Molecule standardisation
This is the public version of a tool designed to provide a simple way of standardising molecules as a prelude to e.g. molecular modelling exercises.
A Python module performs the complete standardisation procedure. In addition, the modules that implement the individual steps in this procedure may be accessed separately if required, for example as part of a custom standardisation pipeline.
The tool is open-source and is available from GitHub.
A slide-set describing some of the background to the project is available
standardiser.pdf
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standardiser
In summary, the general procedure for standardising a molecule (with the documentation for the appropriate module linked) is...
  • Break bonds to Group I or II metals [break_bonds]
  • Neutralise charges by adding/removing protons [neutralise]
  • Apply standardisation rules [rules]
  • Apply tautomerism rules [ tautomerism ]
  • Re-run neutralisation (in case any charges are exposed by rules)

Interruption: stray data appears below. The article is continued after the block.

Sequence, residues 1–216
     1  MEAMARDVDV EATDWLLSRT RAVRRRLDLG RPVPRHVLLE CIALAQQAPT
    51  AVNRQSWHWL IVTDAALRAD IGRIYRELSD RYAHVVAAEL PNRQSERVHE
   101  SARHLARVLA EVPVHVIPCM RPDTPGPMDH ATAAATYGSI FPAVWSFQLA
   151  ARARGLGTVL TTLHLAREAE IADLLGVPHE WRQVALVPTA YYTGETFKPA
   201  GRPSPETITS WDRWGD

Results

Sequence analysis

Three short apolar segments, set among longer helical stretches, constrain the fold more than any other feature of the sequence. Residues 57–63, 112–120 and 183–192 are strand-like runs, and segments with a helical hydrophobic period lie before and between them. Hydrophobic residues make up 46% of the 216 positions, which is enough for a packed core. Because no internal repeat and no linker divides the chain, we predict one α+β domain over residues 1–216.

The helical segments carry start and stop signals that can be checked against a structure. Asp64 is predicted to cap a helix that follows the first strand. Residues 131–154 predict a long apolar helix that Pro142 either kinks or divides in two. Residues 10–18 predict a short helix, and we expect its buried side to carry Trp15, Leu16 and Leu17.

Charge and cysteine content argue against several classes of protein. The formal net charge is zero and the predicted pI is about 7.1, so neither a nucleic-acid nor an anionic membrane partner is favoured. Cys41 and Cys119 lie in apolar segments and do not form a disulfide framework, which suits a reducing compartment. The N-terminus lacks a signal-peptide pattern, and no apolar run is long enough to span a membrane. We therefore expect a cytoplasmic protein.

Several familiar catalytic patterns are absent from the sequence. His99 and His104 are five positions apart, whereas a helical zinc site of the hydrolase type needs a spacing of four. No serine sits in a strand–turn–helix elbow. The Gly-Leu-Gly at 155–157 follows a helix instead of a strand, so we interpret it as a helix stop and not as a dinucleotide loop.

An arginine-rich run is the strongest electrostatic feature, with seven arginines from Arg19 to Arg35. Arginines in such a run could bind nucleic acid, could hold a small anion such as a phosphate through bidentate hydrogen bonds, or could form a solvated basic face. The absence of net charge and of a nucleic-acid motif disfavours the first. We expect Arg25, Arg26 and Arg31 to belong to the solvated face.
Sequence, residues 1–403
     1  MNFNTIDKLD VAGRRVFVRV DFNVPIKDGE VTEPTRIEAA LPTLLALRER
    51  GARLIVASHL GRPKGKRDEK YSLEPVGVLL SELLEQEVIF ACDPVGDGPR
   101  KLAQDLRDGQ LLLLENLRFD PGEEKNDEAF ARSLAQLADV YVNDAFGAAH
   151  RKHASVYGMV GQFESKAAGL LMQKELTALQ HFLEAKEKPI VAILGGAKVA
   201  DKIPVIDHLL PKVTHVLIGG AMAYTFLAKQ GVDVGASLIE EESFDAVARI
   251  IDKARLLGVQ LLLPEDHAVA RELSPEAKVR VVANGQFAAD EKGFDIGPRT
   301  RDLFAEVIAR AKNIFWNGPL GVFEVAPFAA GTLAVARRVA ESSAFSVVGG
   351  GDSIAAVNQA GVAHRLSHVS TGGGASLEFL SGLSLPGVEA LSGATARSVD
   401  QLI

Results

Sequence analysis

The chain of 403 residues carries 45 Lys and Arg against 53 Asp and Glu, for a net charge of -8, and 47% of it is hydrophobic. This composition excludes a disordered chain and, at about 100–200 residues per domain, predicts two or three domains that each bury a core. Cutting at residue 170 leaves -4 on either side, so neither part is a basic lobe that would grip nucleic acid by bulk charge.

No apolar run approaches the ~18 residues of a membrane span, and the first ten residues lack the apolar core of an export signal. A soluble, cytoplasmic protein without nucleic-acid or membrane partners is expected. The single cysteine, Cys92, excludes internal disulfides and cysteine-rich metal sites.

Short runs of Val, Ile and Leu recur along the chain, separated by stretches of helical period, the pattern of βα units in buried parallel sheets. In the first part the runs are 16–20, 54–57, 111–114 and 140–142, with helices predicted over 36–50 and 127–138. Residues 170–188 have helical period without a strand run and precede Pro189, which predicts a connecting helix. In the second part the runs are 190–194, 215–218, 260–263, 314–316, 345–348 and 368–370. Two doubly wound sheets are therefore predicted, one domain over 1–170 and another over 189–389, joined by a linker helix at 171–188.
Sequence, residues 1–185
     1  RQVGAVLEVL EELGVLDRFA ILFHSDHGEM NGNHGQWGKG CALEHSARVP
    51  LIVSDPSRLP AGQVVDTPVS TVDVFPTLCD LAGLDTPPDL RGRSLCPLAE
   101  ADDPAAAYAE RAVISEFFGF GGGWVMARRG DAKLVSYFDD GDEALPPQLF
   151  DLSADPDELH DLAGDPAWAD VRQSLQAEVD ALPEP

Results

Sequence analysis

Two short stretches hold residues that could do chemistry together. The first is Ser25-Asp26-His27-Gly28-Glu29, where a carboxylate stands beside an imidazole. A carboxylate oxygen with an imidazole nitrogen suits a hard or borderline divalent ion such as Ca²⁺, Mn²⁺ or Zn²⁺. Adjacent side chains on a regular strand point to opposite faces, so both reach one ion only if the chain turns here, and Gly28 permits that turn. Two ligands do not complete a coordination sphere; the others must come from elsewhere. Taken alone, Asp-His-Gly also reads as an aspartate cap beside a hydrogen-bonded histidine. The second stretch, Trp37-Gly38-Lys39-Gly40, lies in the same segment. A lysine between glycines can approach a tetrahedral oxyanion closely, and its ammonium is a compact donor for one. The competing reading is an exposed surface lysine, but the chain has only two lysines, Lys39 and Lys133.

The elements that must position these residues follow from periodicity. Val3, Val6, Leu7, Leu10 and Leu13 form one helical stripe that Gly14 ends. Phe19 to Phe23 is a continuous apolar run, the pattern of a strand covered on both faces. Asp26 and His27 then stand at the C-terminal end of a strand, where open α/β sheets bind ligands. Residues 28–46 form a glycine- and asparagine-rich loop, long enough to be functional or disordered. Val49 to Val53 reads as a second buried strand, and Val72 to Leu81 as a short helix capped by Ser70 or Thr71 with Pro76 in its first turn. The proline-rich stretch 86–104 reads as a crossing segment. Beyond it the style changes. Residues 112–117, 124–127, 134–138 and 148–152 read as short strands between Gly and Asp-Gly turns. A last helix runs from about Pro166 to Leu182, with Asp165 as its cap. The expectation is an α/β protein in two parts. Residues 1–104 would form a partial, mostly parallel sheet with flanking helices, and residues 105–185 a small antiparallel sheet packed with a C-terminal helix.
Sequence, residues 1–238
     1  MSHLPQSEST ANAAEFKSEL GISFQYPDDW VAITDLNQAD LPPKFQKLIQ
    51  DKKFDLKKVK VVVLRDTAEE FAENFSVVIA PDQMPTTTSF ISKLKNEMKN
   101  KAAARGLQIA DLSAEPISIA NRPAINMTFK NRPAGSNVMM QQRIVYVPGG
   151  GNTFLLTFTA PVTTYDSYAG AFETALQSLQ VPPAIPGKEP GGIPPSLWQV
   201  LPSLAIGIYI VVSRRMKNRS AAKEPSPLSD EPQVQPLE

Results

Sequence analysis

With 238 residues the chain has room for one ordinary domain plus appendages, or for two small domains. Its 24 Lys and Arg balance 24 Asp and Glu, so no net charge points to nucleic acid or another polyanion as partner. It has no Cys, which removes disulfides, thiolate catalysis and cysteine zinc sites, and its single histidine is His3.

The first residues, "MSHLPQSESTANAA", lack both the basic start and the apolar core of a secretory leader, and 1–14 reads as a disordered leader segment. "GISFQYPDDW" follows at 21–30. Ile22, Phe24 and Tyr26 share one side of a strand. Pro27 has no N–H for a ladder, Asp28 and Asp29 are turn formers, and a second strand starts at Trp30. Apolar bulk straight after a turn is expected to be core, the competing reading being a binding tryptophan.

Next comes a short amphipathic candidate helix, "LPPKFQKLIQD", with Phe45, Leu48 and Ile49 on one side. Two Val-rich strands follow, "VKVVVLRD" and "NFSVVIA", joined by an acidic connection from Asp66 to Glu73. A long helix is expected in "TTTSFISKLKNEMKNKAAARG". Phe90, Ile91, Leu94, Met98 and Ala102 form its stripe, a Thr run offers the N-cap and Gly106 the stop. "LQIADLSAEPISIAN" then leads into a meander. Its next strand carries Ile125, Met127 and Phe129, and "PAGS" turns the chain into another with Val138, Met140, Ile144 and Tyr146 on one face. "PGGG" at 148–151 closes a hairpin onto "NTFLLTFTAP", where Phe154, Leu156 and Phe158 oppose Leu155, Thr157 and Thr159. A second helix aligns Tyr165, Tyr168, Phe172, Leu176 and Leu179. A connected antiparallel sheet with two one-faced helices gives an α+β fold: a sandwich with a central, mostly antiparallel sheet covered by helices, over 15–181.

• Discard any salt/solvate components [unsalt]
  • Return standardised parent
The complete procedure is implemented by the standardise module; a bare-bones alternative workflow using the individual modules is shown here.
The documentation is contained in the project docs/ directory, and consists of a set of Jupyter Notebooks, which can be viewed (and run and edited) by starting a notebook server in that directory.
A simple command-line driver program standardiser_mol.py is available in the project bin/ directory. It take SD or SMILES as input, and writes out a file containing those structures that have been successfully standardised and one containing structures for which the procedure has failed.

Acknowledgements

  • This work was funded by the IMI eTOX project.
  • The salt dictionary used is based on that used in the ChEMBL database; this was compiled by L.J. Bellis, A. Hersey and others and was in turn was based on that used in the USAN nomenclature.
  • Some of the standardisation rules were inspired by those used in the InChI software.
  • This project is built using the RDKit chemistry toolkit.

Licensing

This code is released under the Apache 2.0 license. Copyright [2020] is retained by the EMBL-EBI.
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